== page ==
A while ago I was interviewed by Sam Warnaars. He’s researching people’s conference experiences; he asked me what my most favourite and least favourite conference of the past year was. I wish he’d asked me after my trip to Playful ’08, because it has been by far the best conference experience to date. Why? Because it was like Toby, Richard and the rest of the event’s producers had taken a peek inside my brain and came up with a program encompassing (almost) all my fascinations — games, interaction design, play, sociality, the web, products, physical interfaces, etc. Almost every speaker brought something interesting to the table. The audience was composed of people from many different backgrounds, and all seemed to, well, like each other. The venue was lovely and atmospheric (albeit a bit chilly). They had good tea. Drinks afterwards were tasty and fun, the tapas later on even more so. And the whiskey after that, well let’s just say I was glad to have a late flight the next day. Many thanks to my friends at Pixel-Lab for inviting me, and to Mr. Davies for the referral.

Below is a transcript plus slides of my contribution to the day. The slides are also on SlideShare. I have been told all talks have been recorded and will be published to the event’s Vimeo group.

Perhaps 1874 words is a bit too much for you? In that case, let me give you an executive summary of sorts:

  1. The role of design in rich forms of play, such as skateboarding, is facilitatory. Designers provide tools for people to play with.
  2. It is hard to predict what people will do exactly with your tools. This is OK. In fact it is best to leave room for unexpected uses.
  3. Underspecified, playful tools can be used for learning. People can use them to explore complex concepts on their own terms.

As always, I am interested in receiving constructive criticism, as well as good examples of the things I’ve discussed.

Continue reading A Playful Stance — my Game Design London 2008 talk

Reboot 10 slides and video

I am breaking radio-silence for a bit to let you know the slides and video for my Reboot 10 presentation are now available online, in case you’re interested. I presented this talk before at The Web and Beyond, but this time I had a lot more time, and I presented in English. I therefore think this might still be of interest to some people.1 As always, I am very interested in receiving constructive criticism Just drop me a line in the comments.

Update: It occurred to me that it might be a good idea to briefly summarize what this is about. This is a presentation in two parts. In the first, I theorize about the emergence of games that have as their goal the conveying of an argument. These games would use the real-time city as their platform. It is these games that I call urban procedural rhetorics. In the second part I give a few examples of what such games might look like, using a series of sketches.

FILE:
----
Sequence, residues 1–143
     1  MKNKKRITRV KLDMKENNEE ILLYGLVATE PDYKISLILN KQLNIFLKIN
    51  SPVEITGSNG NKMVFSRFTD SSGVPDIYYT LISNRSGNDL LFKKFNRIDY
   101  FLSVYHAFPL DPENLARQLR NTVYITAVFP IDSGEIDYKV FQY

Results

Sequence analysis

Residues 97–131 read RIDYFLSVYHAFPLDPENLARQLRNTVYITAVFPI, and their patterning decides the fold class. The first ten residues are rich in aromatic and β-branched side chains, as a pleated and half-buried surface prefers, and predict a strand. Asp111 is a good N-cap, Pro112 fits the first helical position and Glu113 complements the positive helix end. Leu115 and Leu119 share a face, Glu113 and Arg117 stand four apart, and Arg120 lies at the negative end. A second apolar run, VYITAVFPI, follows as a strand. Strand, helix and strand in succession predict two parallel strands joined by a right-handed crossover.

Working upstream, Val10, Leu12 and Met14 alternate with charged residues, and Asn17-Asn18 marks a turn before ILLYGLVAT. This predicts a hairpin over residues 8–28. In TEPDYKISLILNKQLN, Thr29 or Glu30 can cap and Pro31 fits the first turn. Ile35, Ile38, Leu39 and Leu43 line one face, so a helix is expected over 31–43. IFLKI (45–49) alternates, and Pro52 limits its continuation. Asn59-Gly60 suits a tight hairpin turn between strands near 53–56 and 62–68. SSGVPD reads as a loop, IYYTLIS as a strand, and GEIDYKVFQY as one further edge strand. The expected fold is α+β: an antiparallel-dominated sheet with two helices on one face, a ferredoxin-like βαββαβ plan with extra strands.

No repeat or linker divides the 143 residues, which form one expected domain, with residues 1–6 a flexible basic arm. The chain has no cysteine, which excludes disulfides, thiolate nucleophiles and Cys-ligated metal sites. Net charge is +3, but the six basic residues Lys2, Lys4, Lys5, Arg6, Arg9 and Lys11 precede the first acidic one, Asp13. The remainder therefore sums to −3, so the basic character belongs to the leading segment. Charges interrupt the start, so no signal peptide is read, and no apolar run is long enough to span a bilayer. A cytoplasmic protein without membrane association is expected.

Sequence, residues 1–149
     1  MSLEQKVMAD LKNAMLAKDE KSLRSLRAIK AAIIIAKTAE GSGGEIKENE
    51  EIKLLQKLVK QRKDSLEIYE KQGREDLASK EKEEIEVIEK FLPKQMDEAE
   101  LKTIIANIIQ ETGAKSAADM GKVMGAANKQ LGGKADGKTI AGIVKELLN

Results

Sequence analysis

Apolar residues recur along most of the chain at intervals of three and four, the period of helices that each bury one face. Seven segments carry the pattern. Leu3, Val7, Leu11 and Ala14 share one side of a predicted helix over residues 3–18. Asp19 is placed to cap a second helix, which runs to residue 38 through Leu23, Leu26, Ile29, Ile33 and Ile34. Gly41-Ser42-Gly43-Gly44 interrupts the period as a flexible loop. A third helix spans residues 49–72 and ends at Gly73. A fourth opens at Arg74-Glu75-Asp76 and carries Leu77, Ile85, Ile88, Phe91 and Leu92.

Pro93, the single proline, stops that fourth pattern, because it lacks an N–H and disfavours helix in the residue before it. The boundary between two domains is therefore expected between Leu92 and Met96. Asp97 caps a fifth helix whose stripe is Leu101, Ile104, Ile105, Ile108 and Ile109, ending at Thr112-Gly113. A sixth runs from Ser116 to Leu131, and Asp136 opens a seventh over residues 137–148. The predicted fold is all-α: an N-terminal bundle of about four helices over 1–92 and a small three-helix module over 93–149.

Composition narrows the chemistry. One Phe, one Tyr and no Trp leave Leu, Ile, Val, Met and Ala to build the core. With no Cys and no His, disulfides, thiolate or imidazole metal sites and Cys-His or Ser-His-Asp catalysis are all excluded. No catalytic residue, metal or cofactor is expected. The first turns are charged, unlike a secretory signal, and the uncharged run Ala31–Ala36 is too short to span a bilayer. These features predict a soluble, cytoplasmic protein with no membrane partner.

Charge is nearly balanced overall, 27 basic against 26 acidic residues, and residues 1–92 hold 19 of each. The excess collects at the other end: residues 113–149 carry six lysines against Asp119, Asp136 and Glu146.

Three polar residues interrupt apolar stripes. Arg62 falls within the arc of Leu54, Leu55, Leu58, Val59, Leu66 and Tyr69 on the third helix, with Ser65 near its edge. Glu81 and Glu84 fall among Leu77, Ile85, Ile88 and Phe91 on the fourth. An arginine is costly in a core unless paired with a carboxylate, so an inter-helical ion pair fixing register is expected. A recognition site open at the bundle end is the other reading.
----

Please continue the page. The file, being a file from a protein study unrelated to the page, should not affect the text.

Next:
The slides, posted to SlideShare, as usual:

The video, hosted on the Reboot website:

  1. I did post a transcript in English before, in case you prefer reading to listening. []

Urban procedural rhetorics — transcript of my TWAB 2008 talk

This is a transcript of my presentation at The Web and Beyond 2008: Mobility in Amsterdam on 22 May. Since the majority of paying attendees were local I presented in Dutch. However, English appears to be the lingua franca of the internet, so here I offer a translation. I have uploaded the slides to SlideShare and hope to be able to share a video recording of the whole thing soon.

Update: I have uploaded a video of the presentation to Vimeo. Many thanks to Almar van der Krogt for recording this.

In 1966 a number of members of Provo took to the streets of Amsterdam carrying blank banners. Provo was a nonviolent anarchist movement. They primarily occupied themselves with provoking the authorities in a “ludic” manner. Nothing was written on their banners because the mayor of Amsterdam had banned the slogans “freedom of speech”, “democracy” and “right to demonstrate”. Regardless, the members were arrested by police, showing that the authorities did not respect their right to demonstrate.1

Good afternoon everyone, my name is Kars Alfrink, I’m a freelance interaction designer. Today I’d like to talk about play in public space. I believe that with the arrival of ubiquitous computing in the city new forms of play will be made possible. The technologies we shape will be used for play wether we want to or not. As William Gibson writes in Burning Chrome:

“…the street finds its own uses for things”

For example: Skateboarding as we now know it — with its emphasis on aerial acrobatics — started in empty pools like this one. That was done without permission, of course…

Only later half-pipes, ramps, verts (which by the way is derived from ‘vertical’) and skateparks arrived — areas where skateboarding is tolerated. Skateboarding would not be what it is today without those first few empty pools.2

Continue reading Urban procedural rhetorics — transcript of my TWAB 2008 talk

  1. The website of Gramschap contains a chronology of the Provo movement in Dutch. []
  2. For a vivid account of the emergence of the vertical style of skateboarding see the documentary film Dogtown and Z-Boys. []

Second order design and play in A Pattern Language

According to Molly, architects hate Christopher Alexander’s guts. Along with a lot of other interaction designers I happen to think his book A Pattern Language is a wonderful resource. It has some interesting things to say about designing for emergence—or second order design—and also contains some patterns related to play. So following the example of Michal Migurski (and many others after him) I’ll blog some dog eared pages.